Caprese salad with basil oil
This recipe is the result of a last minute inspiration that sent me rushing into the kitchen to test it the night before I was scheduled to prepare it on for a local television appearance. Why not bring back a classic, I thought, add a twist, and then prepare to defend against messing with a salad that is sacrosanct! In terms of a decades-long presence on menus around the globe, the Caprese ranks right up there with the Caesar salad. This isn't the first time a version like this has been imagined, but that didn't take away from my enjoyment of the classic combination of flavors one warm summer evening, sitting on my front porch.
Any and all varieties of tomato work for this salad. As summer rolls on, and more heirloom tomato varieties appear in the market, the only requirement for making a delicious and successful rendition of this salad is fabulous-tasting, ripe tomatoes. Use small balls of fresh mozzarella, or soft creamy Burrata (see photo below), which is a fresh Italian cheese made from a mozzarella "shell" filled with cream and mozzarella shreds (stracciatella).
I've worked with chefs who add a small tablet of vitamin C to the blender when making green herb oils, to preserve the vibrant green of the basil. While this method works perfectly well, I prefer to use lemon juice, which also sets the green color and adds the acidity necessary to balance the oil. The basil oil will keep up to two days in the refrigerator.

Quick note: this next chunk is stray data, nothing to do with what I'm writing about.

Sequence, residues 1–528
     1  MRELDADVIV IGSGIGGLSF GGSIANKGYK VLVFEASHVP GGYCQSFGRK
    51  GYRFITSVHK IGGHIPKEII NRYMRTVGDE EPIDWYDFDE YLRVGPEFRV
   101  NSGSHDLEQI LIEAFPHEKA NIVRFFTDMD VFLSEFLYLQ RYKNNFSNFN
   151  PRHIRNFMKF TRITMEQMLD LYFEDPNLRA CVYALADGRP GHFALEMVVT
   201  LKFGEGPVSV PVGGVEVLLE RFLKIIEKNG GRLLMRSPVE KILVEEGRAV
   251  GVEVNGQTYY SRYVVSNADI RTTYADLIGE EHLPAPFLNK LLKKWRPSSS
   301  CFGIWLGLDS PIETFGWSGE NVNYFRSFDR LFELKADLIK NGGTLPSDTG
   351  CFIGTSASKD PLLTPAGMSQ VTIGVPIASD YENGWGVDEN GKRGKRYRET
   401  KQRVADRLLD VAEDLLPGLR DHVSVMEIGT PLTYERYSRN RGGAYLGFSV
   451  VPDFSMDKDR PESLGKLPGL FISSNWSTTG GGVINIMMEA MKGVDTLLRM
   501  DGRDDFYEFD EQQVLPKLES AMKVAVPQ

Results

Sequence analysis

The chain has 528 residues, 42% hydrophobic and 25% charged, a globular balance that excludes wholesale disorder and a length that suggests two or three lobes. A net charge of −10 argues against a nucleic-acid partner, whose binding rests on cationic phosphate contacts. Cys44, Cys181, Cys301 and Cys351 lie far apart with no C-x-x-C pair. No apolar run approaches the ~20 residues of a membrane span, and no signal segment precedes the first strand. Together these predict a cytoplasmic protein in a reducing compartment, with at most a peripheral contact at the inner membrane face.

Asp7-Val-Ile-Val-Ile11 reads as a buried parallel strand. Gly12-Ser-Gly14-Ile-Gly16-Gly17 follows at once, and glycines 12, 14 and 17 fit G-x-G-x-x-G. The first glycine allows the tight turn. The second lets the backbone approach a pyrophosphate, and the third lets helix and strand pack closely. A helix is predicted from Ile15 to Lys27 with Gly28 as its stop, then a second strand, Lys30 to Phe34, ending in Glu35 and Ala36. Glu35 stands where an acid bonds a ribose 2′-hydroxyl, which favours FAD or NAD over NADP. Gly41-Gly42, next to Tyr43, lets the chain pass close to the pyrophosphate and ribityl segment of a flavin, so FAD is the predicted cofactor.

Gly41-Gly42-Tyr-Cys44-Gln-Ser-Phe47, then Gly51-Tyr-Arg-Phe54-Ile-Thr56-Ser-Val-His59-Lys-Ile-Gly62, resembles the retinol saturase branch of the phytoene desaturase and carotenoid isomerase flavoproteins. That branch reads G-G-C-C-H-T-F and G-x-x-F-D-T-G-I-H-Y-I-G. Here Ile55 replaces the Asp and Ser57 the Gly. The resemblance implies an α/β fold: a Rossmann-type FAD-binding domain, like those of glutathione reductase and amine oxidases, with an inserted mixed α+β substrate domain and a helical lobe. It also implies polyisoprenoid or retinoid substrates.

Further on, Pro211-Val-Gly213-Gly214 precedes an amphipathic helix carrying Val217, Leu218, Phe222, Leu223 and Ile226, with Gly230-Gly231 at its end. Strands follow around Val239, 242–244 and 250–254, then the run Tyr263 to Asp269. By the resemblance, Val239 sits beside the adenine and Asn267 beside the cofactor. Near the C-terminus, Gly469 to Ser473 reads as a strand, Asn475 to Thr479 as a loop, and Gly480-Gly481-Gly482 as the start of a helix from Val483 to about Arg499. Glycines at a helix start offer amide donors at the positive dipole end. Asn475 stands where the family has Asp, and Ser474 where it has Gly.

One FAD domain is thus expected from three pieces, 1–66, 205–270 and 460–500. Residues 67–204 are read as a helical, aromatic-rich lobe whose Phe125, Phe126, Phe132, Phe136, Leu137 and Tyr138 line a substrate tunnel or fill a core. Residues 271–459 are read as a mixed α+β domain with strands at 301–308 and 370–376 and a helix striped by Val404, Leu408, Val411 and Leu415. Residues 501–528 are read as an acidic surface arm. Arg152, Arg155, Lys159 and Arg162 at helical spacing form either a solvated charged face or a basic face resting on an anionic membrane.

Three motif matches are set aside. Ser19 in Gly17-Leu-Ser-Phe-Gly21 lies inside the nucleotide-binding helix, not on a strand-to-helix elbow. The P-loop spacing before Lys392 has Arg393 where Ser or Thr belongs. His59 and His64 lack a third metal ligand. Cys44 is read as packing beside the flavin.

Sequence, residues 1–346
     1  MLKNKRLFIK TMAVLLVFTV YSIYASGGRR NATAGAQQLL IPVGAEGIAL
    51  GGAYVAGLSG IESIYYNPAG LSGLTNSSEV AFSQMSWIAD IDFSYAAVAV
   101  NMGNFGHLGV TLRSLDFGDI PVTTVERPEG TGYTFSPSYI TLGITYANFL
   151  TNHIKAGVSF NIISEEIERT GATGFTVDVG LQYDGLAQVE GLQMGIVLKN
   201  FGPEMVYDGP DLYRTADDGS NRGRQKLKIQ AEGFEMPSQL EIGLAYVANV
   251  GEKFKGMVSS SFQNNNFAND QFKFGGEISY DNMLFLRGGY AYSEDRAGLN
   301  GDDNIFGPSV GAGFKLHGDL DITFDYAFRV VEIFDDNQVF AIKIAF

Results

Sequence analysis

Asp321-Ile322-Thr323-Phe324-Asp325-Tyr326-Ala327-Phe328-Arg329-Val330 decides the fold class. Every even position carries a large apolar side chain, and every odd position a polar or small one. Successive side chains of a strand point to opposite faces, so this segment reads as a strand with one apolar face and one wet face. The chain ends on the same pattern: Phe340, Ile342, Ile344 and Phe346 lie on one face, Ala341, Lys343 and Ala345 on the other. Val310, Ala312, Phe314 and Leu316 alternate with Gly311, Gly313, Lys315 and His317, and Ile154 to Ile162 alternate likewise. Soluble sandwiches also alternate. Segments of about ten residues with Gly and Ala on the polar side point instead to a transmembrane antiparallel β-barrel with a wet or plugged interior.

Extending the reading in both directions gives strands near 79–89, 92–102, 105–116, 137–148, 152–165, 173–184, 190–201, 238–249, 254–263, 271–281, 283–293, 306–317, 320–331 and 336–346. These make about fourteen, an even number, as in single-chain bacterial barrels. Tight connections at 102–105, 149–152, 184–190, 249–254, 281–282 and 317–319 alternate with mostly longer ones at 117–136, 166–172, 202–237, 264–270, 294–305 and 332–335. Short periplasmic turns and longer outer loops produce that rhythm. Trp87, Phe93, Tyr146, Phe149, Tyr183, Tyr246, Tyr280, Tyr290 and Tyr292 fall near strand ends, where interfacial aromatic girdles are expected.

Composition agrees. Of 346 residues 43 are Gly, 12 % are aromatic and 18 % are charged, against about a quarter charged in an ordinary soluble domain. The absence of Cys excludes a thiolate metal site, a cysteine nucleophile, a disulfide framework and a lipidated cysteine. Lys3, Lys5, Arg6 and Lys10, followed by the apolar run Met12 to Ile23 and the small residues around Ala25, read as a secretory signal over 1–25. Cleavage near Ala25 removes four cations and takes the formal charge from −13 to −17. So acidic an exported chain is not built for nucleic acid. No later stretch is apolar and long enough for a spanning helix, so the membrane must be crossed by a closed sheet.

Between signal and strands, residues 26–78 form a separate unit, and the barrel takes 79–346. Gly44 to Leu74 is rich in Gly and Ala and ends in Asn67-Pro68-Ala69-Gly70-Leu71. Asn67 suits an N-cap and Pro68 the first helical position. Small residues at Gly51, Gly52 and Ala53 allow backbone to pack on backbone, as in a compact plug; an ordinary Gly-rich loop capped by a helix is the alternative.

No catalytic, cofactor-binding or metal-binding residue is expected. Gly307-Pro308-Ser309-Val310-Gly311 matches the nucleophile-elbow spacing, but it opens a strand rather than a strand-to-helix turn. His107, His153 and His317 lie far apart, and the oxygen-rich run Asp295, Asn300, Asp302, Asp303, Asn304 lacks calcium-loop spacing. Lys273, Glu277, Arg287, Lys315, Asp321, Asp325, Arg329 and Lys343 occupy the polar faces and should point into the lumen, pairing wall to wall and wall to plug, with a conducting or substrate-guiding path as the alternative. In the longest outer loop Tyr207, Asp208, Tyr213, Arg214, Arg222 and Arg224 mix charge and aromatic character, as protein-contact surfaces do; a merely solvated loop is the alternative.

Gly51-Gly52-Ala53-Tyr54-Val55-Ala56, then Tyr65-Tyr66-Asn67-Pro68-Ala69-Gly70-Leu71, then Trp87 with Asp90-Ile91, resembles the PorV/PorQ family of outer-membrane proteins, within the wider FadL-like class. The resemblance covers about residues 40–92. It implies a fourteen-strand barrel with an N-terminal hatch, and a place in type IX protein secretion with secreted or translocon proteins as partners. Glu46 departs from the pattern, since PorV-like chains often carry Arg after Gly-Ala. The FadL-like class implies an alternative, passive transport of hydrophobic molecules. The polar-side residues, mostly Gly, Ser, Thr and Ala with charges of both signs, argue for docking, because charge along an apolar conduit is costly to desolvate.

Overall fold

makes 4 servings
1 large bunch basil (3 cups picked leaves)
3/4 cup mild-flavored extra virgin olive oil
Juice of one lemon
Salt and freshly ground black pepper
Cayenne pepper, optional
4 medium (or 6 to 7 small) ripe tomatoes
2 large balls fresh mozzarella or Burrata
Opal or other colored basil for garnish, optional
In a blender or food processor fitted with the metal blade, blend the basil (hold a few leaves back for garnish), olive oil, lemon juice and a generous pinch of salt for 1 to 2 minutes, or until the oil is bright green and smooth. Set aside.
Slice or quarter the tomatoes and place them in a bowl. Season with plenty of salt and freshly ground black pepper, and pinch of cayenne if you like. Pour some of the basil oil over the tomatoes, tossing to coat them completely. Save any excess oil for a future salad.
Cut the cheese in 1/4-inch slices and arrange them on the bottom of the plates or platter. Spoon the tomatoes and basil oil over the top and garnish with several fresh basil leave.
Serve immediately with a nice crusty loaf of bread for soaking up the juices.